If you know your mafia movies or your Sopranos, you know that occasionally a major character — a respected person of some power, be it a capo, soldier or significant girlfriend — will suddenly appear weakened or made to look bad by a series of events, and there’s a feeling in the air — nothing you can put your finger on exactly, apart from a vague uh-oh vibe — that he/she could be whacked.

This is what’s going on right now with Treasury Secretary Tim Geithner. I’m not saying he’s a dead or even a marked man, but he’s definitely whackable at this stage of the game, President Obama’s statement of support notwithstanding. He may still be the Treasury Secretary next month or next year or three years from now, but there’s a sense right now that Joe Pesci went down to the basement last night (or the night before last) to look around for the ice pick.

People are furious at the symbolism of the AIG bonus thing — it symbolizes the whole cozily corrupt culture between Wall Street, the Feds, the executive branch and Congress — and the bottom line is that Geithner couldn’t muster the resolve to eyeball his AIG pallies and them “no way and no how” on the bonuses. He took the advice of a damn lawyer that it wasn’t the government’s business to renegotiate or “abrogate” business contracts. You never listen to lawyers when there’s a moral/ethical imperative that needs to be faced….never!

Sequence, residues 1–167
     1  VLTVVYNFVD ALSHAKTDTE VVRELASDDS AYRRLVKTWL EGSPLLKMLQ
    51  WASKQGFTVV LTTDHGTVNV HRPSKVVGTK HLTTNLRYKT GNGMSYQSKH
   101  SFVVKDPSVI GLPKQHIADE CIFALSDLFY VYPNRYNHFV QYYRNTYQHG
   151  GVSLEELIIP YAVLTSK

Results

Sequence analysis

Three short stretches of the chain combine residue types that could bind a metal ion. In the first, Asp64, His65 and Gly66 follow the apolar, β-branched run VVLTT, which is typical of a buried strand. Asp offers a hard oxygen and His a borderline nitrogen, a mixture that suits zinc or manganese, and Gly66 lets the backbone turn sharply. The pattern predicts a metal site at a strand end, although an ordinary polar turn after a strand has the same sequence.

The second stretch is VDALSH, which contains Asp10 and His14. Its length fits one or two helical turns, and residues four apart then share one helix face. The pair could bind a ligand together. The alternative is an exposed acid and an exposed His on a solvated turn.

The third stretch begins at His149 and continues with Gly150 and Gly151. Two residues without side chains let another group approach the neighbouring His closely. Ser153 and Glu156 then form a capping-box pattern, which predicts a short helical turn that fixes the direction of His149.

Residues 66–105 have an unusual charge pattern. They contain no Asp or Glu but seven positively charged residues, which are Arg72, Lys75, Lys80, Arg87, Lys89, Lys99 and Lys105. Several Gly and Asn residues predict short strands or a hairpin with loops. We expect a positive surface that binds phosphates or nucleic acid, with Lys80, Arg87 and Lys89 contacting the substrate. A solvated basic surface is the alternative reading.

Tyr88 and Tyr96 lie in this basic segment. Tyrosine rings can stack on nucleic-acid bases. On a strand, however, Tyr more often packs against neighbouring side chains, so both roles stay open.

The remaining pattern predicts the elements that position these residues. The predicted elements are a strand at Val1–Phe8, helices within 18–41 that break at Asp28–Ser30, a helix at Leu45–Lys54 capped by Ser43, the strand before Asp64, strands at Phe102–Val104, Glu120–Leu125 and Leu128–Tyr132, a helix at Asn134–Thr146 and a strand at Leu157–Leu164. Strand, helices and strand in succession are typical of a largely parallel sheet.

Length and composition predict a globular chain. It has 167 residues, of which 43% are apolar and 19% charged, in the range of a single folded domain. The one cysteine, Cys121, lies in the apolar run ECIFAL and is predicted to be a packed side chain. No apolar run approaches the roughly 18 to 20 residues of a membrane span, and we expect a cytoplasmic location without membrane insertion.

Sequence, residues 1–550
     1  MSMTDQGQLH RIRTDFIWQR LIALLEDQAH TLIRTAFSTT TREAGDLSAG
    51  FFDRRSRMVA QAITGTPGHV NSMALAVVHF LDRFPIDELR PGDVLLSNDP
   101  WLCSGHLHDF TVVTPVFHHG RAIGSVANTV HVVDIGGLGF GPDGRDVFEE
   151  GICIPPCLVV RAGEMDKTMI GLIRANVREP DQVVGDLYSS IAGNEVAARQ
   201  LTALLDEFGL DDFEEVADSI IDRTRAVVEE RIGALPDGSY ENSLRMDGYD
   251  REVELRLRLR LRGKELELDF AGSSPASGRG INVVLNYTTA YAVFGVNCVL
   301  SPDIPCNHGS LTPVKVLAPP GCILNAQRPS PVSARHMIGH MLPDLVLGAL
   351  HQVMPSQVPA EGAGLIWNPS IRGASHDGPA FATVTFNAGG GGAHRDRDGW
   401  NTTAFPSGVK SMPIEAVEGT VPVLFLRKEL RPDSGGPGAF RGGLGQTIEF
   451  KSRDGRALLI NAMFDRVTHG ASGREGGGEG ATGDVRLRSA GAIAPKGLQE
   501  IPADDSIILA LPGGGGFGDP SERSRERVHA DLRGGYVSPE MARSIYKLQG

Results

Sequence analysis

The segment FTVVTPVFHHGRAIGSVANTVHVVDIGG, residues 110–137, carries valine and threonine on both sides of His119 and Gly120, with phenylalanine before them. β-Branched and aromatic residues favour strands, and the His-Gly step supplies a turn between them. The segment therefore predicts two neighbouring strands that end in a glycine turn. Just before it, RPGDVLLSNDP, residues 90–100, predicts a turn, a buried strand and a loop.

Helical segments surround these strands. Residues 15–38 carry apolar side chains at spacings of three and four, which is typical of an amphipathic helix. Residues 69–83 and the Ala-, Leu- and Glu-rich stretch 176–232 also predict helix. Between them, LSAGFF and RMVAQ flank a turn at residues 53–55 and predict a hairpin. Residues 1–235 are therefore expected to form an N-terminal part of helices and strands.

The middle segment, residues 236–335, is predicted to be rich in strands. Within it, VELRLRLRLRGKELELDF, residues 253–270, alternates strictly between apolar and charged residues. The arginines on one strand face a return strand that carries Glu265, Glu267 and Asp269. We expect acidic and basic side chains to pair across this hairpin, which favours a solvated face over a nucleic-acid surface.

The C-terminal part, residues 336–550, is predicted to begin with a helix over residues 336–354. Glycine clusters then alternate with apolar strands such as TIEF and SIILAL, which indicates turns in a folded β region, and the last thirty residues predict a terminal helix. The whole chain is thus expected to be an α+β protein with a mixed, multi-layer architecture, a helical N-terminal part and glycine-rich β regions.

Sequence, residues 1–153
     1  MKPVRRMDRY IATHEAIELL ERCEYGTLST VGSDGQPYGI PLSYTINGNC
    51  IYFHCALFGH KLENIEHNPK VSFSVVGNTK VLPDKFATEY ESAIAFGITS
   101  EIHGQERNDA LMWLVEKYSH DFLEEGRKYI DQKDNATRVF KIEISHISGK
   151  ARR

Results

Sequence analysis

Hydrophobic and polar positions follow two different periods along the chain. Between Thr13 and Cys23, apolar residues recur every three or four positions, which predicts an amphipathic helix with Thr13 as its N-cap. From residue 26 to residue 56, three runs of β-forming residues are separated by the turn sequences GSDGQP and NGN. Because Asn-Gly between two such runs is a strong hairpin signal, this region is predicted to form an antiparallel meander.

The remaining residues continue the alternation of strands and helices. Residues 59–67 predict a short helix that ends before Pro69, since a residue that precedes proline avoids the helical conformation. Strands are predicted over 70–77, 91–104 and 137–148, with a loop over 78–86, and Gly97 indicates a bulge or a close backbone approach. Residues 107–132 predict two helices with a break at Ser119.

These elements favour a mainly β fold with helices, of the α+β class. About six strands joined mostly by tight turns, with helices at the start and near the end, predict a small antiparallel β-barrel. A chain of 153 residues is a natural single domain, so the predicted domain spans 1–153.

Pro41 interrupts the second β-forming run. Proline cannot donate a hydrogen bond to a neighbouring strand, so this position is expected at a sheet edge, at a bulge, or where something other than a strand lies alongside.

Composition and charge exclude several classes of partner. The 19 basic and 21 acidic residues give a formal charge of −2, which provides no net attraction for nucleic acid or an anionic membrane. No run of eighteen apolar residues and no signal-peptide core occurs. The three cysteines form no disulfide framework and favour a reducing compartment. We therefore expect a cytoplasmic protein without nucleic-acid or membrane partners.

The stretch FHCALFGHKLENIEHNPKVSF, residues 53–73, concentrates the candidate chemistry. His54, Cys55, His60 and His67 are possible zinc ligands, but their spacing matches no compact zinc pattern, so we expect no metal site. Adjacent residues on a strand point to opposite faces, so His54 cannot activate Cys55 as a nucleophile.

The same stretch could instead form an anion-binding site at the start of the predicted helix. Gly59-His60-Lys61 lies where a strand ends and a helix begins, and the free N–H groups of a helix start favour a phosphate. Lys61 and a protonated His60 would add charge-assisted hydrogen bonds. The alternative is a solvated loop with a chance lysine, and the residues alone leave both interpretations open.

A 3.19 N.Y. Times article about the turmoil surrounding Geithner, written by Jackie Calmes, says that “the mixed messages on A.I.G. gave further ammunition to critics who had begun questioning Mr. Geithner’s credibility as the administration’s point man on the economy, an essential commodity if he is to help restore consumer confidence.

“Fair or not, questions about why Mr. Geithner did not know sooner about the A.I.G. bonuses and act to stop them threaten to overwhelm his achievements and undermine Mr. Obama’s overall economic agenda. Edward M. Liddy, chief executive of A.I.G., told Congress on Wednesday that he generally deals with Fed officials, figuring they would keep Treasury informed.

“The controversy comes as Mr. Geithner is about to announce details of the restructured bank rescue program, and it clouds prospects for more rescue funds that the administration is all but certain to need.

“Mr. Geithner’s once-heralded credentials with Wall Street were already marred by false starts in revamping the Bush administration’s bank rescue program, even as his perceived closeness to financiers — he is the former president of the Federal Reserve Bank of New York — and unease with populist politics left Main Street skeptical.

“On Wednesday, a junior Republican in Congress and some traders on Wall Street went so far as to call for him to quit or be fired. The Republican leader of the House, Representative John A. Boehner of Ohio, told a conservative talk-radio host that the secretary is ‘on thin ice.'”